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Being a 4Runner, I'm sure it's an automatic tranny, so the shifting thing isn't such a big deal... if you have a manual, you definitely want to run a GL4 in the tranny. It's rated for GL4/GL5, but usually, the oils rated 4/5 or 5 are too slick for the synchros to work well.

I run dino in the motor and diffs because it gets changed pretty frequently, Redline MT90 in the tranny and Redline heavy shockproof in the tcase because they don't.
 

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i seem to have the only taco axle that doesnt leak with synthetic in it. but I usually change my diffs once a year, engine every 3k, and tranny is self draining so i fill it whenever it needs it.
 

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Discussion Starter #10
hmm. very interesting. thanks for the great advice guys.

in the Vehicross world everyone runs synthetics because the motors have lots of problems with oil. so you have to use top-of-the-line, name brand stuff.
its good to know that standard oil will suffice on our vehicles and make my experience slightly cheaper.
part of the reason for the expense for the VX fluid changes was 10q of oil for the tranny flush.
i still have tons of fluid left over that will be getting changed into the runner (yeti) before moab for sure, so ill be stylin and safe :cool:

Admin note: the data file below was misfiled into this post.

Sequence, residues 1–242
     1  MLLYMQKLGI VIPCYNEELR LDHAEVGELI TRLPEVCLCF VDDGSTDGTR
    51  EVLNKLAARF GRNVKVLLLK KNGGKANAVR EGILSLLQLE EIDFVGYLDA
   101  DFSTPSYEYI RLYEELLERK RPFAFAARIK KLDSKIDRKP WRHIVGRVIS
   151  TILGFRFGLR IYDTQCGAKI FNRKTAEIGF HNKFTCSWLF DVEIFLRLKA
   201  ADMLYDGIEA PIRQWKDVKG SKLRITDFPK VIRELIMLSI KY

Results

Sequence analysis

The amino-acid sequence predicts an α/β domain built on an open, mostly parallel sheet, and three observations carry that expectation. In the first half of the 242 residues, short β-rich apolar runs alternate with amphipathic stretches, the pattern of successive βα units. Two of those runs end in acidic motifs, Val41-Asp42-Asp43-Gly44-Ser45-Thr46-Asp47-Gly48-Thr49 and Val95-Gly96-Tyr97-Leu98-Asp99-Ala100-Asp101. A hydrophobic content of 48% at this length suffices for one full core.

look forward to wheeling with the toyota guys asap!

oh- and for the record its a manual ;)
 

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You don't need to flush the transmission as often as it sounds like you did with the VX. On my truck (Tundra), it's a 4qt drain and fill at 30k, and a flush at 60k IIRC.

You can pick up a 5gal bucket of 75W90 in your choice of flavors, and a pump...makes diff fluid changes a lot easier, and cheaper.

Don't forget your power steering fluid. It's one of the more BTF fluids on our trucks, and has very little volume in the system. For our use, during wheeling season, it's something to inspect when you change the oil, & drain/fill the res or just flush the system. It doesn't take very long and it's not much fluid.

-Sean
 

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Discussion Starter #12
oh ok. got ya. i need to pick up a pump, because last time i used a long hose and a funnel to get it all in the axles/tranny/x-case.

i've never really flushed a power steering fluid system. where is the drain for it?
 

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There isn't one, you pull the return hose and put it in a bucket. Then start/stop the motor and add fluid untill it starts coming out of the return hose clean/new. I managed to make a mess when I did mine. There's writeup's out there showing the step by step...

I suggest at LEAST 2 people.
 

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Woah before you put Power stearing fluid in the PS pump, check if you need to be putting ATF in there. I know it sounds weird, but IIRC 4Runners need the ATF, and NOT PS fluid. Hopefully troy will chime in and correct me on that.
 

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Yup.

Also, you can flush it on your own by putting the front wheels in the air and just turning lock to lock. Don't forget to refill the reservoir now and then :D.

I just run an extension hose to a drain pan.